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Viscosity jump in Earth’s mid-mantle

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Science  11 Dec 2015:
Vol. 350, Issue 6266, pp. 1349-1352
DOI: 10.1126/science.aad1929

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A mysterious mid-mantle slowdown

The viscosity of Earth's deep interior plays a key role in mediating plate tectonics. Rudolph et al. combined several geophysical data sets to model the viscosity of the mantle. Mantle viscosity abruptly increases below 1000 km. The increase could explain the stalling of subducting slabs and the deflections of hot upwelling plumes around this depth. Although the viscosity increase explains some recent unexpected observations, the origin of the jump itself remains a mystery.

Science, this issue p. 1349

Abstract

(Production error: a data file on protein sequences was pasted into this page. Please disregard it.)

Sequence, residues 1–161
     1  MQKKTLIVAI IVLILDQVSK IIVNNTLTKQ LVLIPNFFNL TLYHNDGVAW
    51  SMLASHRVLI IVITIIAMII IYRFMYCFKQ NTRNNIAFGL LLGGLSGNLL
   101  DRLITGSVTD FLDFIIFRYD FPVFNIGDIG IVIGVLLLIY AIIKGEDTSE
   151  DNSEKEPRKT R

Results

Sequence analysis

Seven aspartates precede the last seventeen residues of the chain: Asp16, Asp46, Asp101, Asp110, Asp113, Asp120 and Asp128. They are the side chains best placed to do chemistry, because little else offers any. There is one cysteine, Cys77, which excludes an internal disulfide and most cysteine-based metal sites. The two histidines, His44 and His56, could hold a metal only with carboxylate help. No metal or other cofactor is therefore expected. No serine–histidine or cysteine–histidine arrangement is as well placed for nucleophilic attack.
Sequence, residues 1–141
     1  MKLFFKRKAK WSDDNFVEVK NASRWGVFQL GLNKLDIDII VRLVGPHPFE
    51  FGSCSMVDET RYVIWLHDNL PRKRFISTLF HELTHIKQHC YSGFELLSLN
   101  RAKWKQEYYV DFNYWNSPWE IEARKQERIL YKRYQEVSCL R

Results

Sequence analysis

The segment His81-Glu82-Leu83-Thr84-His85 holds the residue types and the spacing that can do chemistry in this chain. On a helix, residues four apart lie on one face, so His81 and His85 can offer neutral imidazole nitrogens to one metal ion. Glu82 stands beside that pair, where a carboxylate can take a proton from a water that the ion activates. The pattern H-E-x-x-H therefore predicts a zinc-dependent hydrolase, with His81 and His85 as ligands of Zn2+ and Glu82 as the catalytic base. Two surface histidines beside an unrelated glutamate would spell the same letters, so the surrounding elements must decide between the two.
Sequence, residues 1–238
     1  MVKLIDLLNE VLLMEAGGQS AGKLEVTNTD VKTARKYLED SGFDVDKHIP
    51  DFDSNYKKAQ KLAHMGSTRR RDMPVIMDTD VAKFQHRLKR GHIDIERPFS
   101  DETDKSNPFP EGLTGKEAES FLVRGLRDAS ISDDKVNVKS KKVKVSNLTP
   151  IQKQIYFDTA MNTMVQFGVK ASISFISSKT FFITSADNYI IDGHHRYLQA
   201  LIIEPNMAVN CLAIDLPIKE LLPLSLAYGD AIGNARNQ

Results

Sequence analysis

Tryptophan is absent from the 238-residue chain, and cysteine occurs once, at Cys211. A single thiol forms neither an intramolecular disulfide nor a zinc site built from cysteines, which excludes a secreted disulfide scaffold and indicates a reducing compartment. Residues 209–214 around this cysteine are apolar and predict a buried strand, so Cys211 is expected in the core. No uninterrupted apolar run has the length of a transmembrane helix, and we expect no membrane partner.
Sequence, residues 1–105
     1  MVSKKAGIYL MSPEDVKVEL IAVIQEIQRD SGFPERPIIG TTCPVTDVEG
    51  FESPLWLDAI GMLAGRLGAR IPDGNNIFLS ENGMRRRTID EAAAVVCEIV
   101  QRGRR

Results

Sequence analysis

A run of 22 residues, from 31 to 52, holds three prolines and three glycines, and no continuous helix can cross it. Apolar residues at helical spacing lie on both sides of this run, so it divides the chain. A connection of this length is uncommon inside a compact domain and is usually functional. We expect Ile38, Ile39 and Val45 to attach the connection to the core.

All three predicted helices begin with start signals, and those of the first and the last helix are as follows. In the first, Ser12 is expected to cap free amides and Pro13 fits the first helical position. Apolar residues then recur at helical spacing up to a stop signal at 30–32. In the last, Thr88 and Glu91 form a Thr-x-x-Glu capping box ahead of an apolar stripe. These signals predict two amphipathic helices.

The viscosity structure of Earth’s deep mantle affects the thermal evolution of Earth, the ascent of mantle plumes, settling of subducted oceanic lithosphere, and the mixing of compositional heterogeneities in the mantle. Based on a reanalysis of the long-wavelength nonhydrostatic geoid, we infer viscous layering of the mantle using a method that allows us to avoid a priori assumptions about its variation with depth. We detect an increase in viscosity at 800- to 1200-kilometers depth, far greater than the depth of the mineral phase transformations that define the mantle transition zone. The viscosity increase is coincident in depth with regions where seismic tomography has imaged slab stagnation, plume deflection, and changes in large-scale structure and offers a simple explanation of these phenomena.

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